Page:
Meet Saint Lucy
This is an interesting reliquary called a simulacrum, a tradition in Europe where a relic is encased in a life-sized wax depiction of the saint. There was something about the presentation of a life-like form that helps to humanize the saint and bring his or her story to life in a tangible way. The simulacrum would be placed in a glass case in the church as a focal point for the faithful who were seeking that saint’s intercession.
This Saint Lucy came to us in pretty bad shape, but she was so lovely that not restoring her was unthinkable. The Saint Martha’s Guild came into the picture after her restoration was in the works. Lucy dear just kind of showed up on our table in a rather interesting condition. Eyebrows were raised.
It’s not every day that you find a headless body on your sewing table. Her form is really beautiful, even with the wax parts missing. She has kneecaps, calf muscles. It’s kind of disconcerting. Should we cover her up when the Latin class is scheduled? Leave some kind of note of explanation? She reeks of mothballs. Her body is really, really old, stuffed with horsehair and mysterious fibers, and wrapped with very stiff linen that is riddled with holes.
Lucy dates to 1740. That would explain it.
Why were we even touching her?!
For us the next question was, “What does the rest of her look like?”
No offense to Saint Philomena’s simulacrum builders but....well, um...we were worried.
And Father wasn’t a whole lot of help, “She looks like she’s in agony.”
Like good agony or ugly agony? So then we got the before pictures from Broken Art, our intrepid restoration maestros. She looked pretty nasty, but still pretty wonderful. Definitely not ugly.
Broken Art began restoring the wax parts. We got a call from them; what was with the green sandals? This bright green color emerged when they cleaned off the layers of grime.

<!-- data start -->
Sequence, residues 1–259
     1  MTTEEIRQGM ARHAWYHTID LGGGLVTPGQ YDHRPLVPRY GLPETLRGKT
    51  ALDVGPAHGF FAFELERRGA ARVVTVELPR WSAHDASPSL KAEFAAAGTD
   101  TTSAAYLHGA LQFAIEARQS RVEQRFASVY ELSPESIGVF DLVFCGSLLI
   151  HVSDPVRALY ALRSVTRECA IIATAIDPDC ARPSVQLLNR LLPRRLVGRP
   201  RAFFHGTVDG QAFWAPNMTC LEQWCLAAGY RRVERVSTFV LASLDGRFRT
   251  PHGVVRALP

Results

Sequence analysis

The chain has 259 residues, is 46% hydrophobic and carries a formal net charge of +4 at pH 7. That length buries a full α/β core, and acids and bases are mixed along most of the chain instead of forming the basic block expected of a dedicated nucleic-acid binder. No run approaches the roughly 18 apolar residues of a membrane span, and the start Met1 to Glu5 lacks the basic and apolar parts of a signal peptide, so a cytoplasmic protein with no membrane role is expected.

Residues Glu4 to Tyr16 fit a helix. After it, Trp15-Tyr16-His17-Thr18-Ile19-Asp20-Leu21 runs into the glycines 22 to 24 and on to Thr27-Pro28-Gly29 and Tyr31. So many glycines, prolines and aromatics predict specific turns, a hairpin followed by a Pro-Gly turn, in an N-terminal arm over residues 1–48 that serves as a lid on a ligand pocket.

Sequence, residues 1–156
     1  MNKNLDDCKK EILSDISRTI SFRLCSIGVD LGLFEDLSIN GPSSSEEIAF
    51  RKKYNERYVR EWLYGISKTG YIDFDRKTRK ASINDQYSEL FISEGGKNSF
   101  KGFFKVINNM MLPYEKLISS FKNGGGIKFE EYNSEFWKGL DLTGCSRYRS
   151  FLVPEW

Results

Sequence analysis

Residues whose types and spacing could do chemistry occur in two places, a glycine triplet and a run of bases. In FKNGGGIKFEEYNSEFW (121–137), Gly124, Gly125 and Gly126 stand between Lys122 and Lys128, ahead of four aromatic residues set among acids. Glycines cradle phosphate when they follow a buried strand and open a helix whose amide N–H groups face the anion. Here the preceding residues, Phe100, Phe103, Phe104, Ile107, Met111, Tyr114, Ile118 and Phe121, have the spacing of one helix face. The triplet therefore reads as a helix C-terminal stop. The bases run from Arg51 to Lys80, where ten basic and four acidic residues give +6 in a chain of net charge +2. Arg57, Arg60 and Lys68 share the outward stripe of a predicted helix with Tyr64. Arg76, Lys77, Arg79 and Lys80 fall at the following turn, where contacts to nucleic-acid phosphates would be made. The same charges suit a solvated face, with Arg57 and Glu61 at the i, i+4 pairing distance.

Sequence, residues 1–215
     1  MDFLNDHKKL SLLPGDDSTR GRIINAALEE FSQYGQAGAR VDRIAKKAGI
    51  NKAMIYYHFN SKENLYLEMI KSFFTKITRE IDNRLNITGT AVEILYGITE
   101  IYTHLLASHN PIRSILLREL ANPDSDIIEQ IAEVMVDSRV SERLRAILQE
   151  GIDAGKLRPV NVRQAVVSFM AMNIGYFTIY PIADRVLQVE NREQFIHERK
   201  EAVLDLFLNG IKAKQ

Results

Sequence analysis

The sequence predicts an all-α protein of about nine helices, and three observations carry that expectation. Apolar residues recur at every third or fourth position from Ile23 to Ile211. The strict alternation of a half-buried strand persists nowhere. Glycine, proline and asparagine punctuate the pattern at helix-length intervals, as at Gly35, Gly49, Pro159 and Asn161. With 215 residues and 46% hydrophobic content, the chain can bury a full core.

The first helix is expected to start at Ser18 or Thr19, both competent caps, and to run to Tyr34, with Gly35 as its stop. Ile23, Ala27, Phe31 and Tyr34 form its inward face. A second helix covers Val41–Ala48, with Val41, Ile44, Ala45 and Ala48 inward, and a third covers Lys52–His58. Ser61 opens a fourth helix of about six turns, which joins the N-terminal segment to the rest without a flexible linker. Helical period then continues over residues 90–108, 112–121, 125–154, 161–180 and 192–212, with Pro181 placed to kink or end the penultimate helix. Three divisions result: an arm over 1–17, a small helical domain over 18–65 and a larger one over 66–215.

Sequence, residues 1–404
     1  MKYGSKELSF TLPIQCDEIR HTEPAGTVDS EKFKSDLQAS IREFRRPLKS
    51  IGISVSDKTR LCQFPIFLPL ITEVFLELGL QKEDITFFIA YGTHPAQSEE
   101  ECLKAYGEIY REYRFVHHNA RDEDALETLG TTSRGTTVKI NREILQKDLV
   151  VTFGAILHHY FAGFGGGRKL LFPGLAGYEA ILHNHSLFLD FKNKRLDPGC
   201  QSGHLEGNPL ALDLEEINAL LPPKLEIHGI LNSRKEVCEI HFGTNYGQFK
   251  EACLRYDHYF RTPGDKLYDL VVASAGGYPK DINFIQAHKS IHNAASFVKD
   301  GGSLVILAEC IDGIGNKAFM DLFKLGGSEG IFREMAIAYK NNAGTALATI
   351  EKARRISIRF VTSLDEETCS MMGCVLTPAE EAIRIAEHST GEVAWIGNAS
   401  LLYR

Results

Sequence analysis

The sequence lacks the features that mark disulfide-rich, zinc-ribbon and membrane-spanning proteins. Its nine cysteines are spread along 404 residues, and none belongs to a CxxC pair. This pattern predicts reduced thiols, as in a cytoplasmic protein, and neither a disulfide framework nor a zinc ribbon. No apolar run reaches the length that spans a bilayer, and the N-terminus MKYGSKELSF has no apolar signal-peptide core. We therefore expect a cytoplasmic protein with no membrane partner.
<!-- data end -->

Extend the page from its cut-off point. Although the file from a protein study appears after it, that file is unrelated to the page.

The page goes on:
Puzzling. Our consensus was that maybe Saint Lucy couldn’t find the shoes that matched her outfit that day. Even so, we couldn’t leave them that way, because anyone looking at her final restoration would only see the shoes. We sent some photos of her fuchsia and gold embroidered clothing over to Broken Art and they created a fabulous alternative to the green (thank you so very much).
And about that fuchsia silk and gold embroidery; Lucy’s outfit is amazing. The embroidery wasn’t executed with the greatest skill, but they sure made up for that in sheer volume. The clothing has been patched and reworked in many places. The silk has bleached out and eroded badly on one side - sun damage?
Our task was to correct her under sleeves and under skirt. Someone had made the unfortunate decision to replace the tattered underskirt and sleeves with white polyester fabric adorned with rick rack trim. Interesting. Fr. P found a lovely piece of silk damask that had seen better days. He told us resist the urge to have it cleaned, because that would remove the ‘patina’ that would help it fit with the rest of Lucy. We sewed sleeves and a skirt. Then we adopted portions of the embroidery design from Lucy’s dress and reworked them on the hem and sleeve edges using metal threads from a stash of antique spools that Fr. had given to us.
Lucy’s belt was strange, to say the least. There was a load of tacky, multi-colored plastic ‘gems’ and fake ‘pearls’ that had been added to the sides of the belt. The center buckle was actually very nice. It was missing one of the purple marquise stones so we had to order a replacement. Eva carefully removed the ugliness, undoing the stitching on the metal braided strips that comprised the bands for the belt and redid them. We did sprinkle a few Swarovoski crystals on her bodice and over skirt.